The Earth is approximately 7,900 miles in diameter, and is comprised of three major layers: core, mantle and crust. Of the three layers, the crust is the thinnest, with an average thickness of 15 to 18 miles. The crust and the uppermost, solid part of the mantle combine to form a rigid layer of rock called the lithosphere, which is broken into many pieces called oceanic or continental plates. Areas where plate edges meet are called plate boundaries. In geology, plate boundaries are where the real action happens.
Lithospheric plates, commonly called tectonic plates, fit together on the Earth's surface like a jigsaw puzzle. Scientists believe that the plates float on a hot, semi-solid region of the mantle called the asthenosphere. This movement is called plate tectonics. Movement of the lithospheric plates is most easily observed at the plate boundaries, where the plates converge, diverge or slip sideways. Most earthquakes and volcanism occur along or near lithospheric plate boundaries.
Convergent Plate Boundaries
Convergent plate boundaries are regions where two plates converge, or collide into each other. These boundaries are sometimes called subduction zones, because the heavier, denser plate pushes beneath the lighter plate in a process called subduction. Subduction zones are associated with strong earthquakes and spectacular volcanic landscapes. The Ring of Fire around the margins of the Pacific Ocean is a direct result of plate convergence and subduction.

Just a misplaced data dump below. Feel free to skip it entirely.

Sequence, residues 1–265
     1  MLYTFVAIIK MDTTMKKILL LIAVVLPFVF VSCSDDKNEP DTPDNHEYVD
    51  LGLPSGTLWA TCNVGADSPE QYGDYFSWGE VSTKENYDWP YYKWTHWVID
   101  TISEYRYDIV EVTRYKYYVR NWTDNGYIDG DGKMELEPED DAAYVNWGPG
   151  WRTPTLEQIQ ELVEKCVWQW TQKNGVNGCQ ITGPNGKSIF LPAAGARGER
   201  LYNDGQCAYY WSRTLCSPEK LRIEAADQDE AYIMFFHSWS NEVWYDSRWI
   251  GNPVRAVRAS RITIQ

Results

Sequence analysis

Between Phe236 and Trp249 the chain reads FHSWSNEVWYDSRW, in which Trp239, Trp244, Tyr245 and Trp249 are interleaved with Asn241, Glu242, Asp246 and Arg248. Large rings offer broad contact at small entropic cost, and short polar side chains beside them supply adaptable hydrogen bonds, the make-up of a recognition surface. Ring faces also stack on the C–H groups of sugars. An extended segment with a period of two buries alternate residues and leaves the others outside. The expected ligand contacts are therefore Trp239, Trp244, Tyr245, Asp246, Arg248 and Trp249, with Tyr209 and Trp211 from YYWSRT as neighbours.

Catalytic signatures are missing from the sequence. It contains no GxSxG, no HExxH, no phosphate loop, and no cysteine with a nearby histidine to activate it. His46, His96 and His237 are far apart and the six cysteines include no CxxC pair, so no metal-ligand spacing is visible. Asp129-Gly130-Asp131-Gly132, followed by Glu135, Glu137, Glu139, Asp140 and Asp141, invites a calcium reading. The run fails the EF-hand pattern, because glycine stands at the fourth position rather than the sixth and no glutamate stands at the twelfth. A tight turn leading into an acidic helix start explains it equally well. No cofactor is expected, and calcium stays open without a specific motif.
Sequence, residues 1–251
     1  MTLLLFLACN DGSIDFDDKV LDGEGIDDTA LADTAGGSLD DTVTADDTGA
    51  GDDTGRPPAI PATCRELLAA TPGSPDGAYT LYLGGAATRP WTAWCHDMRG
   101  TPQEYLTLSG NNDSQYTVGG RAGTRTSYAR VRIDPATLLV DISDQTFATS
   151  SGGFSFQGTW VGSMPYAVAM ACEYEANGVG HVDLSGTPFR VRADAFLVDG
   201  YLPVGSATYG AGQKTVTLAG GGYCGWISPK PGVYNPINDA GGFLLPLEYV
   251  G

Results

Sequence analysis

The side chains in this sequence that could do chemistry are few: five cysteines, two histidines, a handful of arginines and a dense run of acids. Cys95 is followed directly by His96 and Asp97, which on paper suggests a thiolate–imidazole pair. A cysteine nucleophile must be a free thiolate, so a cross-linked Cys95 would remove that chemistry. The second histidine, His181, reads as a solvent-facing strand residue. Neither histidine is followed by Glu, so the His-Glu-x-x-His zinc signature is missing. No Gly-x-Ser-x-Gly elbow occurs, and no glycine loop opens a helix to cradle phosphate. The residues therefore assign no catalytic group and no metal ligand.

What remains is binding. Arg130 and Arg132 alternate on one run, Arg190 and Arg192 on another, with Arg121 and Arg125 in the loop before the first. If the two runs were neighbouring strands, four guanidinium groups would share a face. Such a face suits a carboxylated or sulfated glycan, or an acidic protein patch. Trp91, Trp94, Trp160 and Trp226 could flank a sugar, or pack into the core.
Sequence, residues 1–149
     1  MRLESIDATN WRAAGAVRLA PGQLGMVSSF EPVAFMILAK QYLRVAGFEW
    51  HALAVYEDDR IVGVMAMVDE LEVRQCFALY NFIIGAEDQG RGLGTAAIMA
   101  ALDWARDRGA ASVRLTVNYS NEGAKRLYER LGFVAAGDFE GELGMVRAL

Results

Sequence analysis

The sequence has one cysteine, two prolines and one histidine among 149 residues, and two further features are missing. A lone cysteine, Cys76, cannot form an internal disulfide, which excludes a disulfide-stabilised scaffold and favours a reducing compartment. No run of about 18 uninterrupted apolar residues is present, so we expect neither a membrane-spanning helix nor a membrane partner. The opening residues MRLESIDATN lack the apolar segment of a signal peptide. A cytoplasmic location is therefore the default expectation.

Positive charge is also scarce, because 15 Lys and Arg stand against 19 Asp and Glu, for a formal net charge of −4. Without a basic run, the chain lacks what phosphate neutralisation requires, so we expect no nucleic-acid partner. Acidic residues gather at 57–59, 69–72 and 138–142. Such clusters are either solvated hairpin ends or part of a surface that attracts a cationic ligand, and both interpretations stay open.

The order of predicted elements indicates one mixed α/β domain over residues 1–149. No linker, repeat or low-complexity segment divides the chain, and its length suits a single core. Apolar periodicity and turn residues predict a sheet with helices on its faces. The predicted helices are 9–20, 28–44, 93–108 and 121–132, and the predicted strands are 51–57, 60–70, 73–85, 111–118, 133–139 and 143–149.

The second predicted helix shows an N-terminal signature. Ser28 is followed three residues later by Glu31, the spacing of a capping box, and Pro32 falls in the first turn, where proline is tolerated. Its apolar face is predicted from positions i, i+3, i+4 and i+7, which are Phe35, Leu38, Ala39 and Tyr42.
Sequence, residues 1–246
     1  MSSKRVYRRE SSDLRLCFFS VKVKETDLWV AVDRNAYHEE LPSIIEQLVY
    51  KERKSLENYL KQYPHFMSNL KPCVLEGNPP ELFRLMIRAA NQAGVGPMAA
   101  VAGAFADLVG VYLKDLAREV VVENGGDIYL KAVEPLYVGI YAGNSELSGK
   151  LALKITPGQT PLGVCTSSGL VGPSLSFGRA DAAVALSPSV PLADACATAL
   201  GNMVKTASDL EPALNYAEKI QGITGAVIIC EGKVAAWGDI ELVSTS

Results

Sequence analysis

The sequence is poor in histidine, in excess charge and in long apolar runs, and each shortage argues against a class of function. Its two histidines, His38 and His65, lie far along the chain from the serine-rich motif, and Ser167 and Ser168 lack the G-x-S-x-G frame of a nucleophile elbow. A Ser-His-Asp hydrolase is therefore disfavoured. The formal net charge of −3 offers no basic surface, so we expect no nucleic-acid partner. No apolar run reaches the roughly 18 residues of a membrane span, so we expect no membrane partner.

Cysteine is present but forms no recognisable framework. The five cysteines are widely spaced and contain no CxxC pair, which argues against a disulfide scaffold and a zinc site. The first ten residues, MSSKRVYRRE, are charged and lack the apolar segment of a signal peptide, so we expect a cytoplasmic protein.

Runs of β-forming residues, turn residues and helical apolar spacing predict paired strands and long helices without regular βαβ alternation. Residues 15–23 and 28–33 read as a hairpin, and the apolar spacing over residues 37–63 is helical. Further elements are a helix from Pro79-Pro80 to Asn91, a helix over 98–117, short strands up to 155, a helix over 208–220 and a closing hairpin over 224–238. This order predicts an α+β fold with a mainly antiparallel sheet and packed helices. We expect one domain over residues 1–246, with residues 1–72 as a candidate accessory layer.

Sometimes continental plates of similar density collide and neither is heavy enough to create a subduction zone. When this happens, the brittle crust folds up and splinters as the plates collide. This process created the Himalayan Mountains.
Divergent Plate Boundaries
Divergent plate boundaries are regions where lithospheric plates are moving away, or diverging from each other under the sea. In contrast to convergent boundaries that destroy old crust by subduction, divergent boundaries create new crust through a form of volcanism.
As plates move apart, magma wells up from beneath the surface to fill the spaces left by the diverging plates. The magma rises and cools in a continuous process, forming chains of volcanic mountains and rift valleys called mid-ocean ridges. The Mid-Atlantic Ridge was formed by this process.
As magma cools and forms new crust, it pushes the plates apart in a process called oceanic spreading. Oceanic spreading is slowing pushing North America away from Europe.
Transform Plate Boundaries
The third type of lithospheric plate boundary is a transform boundary. Sometimes called a conservative boundary, because crust is neither created nor destroyed at the boundary, transform boundaries occur in regions where plates are sliding horizontally past each other. Transform boundaries are typically found on the ocean floor but occasionally occur on land.
An example of a transform boundary is found near the West Coast of the United States, where the North American and Pacific Plates are moving past each other. The most visible manifestation of transform boundary movement is the San Andreas fault in California. Earthquakes along transform boundaries are generally shallow. They are caused by the accumulation and sudden release of stress and tension as the plates slip past each other.